Airfield Models - Rebuilding My Stik 30

My Stik 30 Rebuild

May 03, 2015



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Airfield Models (http://www.airfieldmodels.com/)The Landing Gear

The original tail wheel bracket was an aileron horn set into the fuselage tail post.  The tail wheel wire was bent and set into a plastic tube glued into a hole drilled in the rudder.

The setup worked very well but couldn't be used with the new rudder.  The old rudder came down the fuselage such that it just cleared the elevator when it was full up.

Rustik's tail wheel wire broke and can not be fixed as it was without removing the rudder.  That will require surgery and it's not an option.

Rustik is now using a skid but if this idea works well I'll probably do the same for Rustik so it can have a steerable tail wheel again.

The new rudder for My Stik 30 is flush with the top of the fuselage as is Rustik's.  Learning from my experience with Rustik I knew that I had to find a different way to steer the tail wheel.

 
 
The original dural aluminum main landing gear weighed 112 grams. The original dural aluminum landing gear weighed 112 grams approximately 4 ounces.
The wood landing gear weighs 81 grams. The wood landing gear I made for Rustik was a little too short and didn't give much ground clearance.  It is the perfect size for this model and weighs only 81 grams over one ounce lighter than the aluminum gear.

Rustik needs a new landing gear now.

The new "improved" tail wheel bracket.

The tail wheel wire is bent from 3/32 music wire.  I drilled a second hole in a 3/32" wheel collar to receive steering arms.

The steering arms are cut from a 4-40 pushrod with a hole drilled through the rod just past the end of the threaded portion.  The arms were chucked in a drill and a small point was ground into the end of the arm so that it can bite into the tail wheel wire.

I drilled a hole just past the threaded portion of each arm so that I can insert a wire to tighten the arm.  I also used Loctite on the arms and all set-screws.

The inside of the axle has a stainless steel washer silver soldered which I think always looks nicer than a wheel collar.  Because the hub is plastic I didn't attempt to solder a washer on the opposite side.  I used a wheel collar instead.

The tail wheel is steered using pull-pull controls. Adjustable horn brackets are threaded onto the steering arms.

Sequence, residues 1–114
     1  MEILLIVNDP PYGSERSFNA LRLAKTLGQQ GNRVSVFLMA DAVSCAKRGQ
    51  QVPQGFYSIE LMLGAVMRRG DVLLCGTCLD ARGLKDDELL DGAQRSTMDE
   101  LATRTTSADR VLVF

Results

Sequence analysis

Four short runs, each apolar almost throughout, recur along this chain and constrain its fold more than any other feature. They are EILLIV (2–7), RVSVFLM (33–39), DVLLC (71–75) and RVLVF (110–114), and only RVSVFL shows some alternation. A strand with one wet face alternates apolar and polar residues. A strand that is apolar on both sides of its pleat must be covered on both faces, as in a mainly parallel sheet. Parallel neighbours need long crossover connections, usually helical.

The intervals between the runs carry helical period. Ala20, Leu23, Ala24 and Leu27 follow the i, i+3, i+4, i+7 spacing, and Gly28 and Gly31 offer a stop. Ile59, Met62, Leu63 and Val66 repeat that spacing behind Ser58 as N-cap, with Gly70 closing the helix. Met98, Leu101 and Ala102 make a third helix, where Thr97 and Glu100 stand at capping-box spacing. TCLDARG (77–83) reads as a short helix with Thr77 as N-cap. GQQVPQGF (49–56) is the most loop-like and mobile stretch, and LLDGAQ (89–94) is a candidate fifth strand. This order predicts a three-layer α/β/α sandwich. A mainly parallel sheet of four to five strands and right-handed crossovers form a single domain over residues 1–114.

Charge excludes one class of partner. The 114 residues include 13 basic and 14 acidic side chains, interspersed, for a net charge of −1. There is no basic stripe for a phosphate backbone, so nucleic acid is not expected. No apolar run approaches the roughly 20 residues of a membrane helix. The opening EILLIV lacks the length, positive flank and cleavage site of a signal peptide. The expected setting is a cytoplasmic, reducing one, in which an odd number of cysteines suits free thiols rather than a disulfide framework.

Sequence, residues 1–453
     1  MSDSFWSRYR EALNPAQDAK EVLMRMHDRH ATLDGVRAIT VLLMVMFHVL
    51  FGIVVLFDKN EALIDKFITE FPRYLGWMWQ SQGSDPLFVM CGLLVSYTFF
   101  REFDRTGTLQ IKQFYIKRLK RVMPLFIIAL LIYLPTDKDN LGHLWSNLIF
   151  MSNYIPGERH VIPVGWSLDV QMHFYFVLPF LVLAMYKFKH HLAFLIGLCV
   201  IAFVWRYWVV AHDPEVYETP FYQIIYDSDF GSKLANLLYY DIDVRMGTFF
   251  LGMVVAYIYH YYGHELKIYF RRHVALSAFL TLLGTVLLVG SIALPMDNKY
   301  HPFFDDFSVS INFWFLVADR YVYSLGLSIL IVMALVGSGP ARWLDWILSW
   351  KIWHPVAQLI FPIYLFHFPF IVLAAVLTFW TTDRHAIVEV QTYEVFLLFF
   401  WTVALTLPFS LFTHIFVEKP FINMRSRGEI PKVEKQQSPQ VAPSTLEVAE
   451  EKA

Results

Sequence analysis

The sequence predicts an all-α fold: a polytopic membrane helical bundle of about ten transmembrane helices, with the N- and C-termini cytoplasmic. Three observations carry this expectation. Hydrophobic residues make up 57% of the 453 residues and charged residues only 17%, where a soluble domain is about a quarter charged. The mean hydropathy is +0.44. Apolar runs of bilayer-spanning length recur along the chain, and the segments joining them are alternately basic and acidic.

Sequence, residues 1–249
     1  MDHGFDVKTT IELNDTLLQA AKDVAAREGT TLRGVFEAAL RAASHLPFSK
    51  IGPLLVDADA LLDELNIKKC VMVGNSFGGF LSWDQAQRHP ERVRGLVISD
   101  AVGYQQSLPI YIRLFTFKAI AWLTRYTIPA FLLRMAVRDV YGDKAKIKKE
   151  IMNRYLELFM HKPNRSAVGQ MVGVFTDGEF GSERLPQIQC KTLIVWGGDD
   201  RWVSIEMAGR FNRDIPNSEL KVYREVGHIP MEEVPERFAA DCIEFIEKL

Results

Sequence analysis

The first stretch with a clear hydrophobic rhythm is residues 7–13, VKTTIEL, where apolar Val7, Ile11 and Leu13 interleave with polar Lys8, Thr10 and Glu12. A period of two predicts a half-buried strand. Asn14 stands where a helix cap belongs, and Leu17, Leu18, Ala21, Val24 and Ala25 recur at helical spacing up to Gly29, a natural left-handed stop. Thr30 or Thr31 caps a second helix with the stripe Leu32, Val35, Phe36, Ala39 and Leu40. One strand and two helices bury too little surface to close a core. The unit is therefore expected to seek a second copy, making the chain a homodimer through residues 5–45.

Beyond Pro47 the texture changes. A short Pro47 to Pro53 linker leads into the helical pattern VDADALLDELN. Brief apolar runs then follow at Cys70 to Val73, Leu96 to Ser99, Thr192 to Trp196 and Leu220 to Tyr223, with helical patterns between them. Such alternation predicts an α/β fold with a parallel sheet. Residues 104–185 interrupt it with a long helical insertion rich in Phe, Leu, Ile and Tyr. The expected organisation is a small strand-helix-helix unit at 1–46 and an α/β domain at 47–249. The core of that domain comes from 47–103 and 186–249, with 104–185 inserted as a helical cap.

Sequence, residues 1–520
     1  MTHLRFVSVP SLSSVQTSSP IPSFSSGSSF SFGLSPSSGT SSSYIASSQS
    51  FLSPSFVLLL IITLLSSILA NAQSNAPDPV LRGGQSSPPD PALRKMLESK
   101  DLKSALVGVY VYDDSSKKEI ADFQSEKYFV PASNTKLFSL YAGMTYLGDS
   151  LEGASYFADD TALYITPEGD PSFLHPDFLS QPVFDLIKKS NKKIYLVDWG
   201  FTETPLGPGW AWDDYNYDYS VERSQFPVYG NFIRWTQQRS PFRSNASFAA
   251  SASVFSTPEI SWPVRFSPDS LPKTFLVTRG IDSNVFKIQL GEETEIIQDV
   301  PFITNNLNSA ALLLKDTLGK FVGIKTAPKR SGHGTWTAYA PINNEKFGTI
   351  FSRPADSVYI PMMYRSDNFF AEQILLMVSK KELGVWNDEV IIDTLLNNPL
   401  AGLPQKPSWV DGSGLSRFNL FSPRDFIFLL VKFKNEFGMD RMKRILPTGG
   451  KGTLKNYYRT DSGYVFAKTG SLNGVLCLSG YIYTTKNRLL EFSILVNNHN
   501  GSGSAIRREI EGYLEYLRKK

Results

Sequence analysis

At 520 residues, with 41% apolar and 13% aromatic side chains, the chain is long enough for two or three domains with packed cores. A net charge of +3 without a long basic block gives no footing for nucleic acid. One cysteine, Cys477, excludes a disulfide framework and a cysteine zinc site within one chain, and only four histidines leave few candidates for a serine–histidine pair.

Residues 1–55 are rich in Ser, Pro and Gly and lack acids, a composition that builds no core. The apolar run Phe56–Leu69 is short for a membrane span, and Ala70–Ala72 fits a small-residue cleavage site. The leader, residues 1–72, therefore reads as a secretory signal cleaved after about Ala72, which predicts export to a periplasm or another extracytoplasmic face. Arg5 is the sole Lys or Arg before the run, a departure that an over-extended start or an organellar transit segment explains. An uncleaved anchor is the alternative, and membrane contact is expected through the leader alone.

Clevises are threaded onto 2-56 shanks cut from a threaded rod.  These are drilled the same as the steering arms to receive the pull-pull lines.

I used 10# line for the tail wheel because I'd rather the line breaks than the servo gears strip.  I'm not sure if it will work that way.  10# line is probably too strong.  So far the setup has worked very well and I don't expect any problems unless the lines get snagged on some weeds or something.

The pull-pull cable exits and antenna tube. Here you can see the entire setup.  I glued 1/8" plastic tubes into the bottom decking and sanded them flush with the decking.

Balsa exit fairings were carved, sanded and glued over the tubes to neaten the appearance and to keep crud out of the tubes.

After gluing the stabilizer in place I drilled through the stabilizer and into a balsa block in the fuselage to receive hardwood dowel hard points.  The dowels were drilled to receive the screws for the tail wheel mount.

I made an antenna tube from a balsa stick.  The stick was run through my table saw to about 2" from the end.  The outside was shaped on my router/shaper table.

A hole was drilled in the bottom of the fuselage and the finished tube was glued in place.  A piece of music wire with a small hoop bent on the end was slide into the tube.  The antenna was put through the hoop and then pulled through the tube.

I wrapped about 12" of the antenna around a bobbin that was included with the Hitec receiver according the Hitec instructions so that much less of the antenna trails behind the aircraft than shown here.

 
 

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Apply Fiberglass Cloth to a Model Aircraft

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Copyright 2006 Paul K. Johnson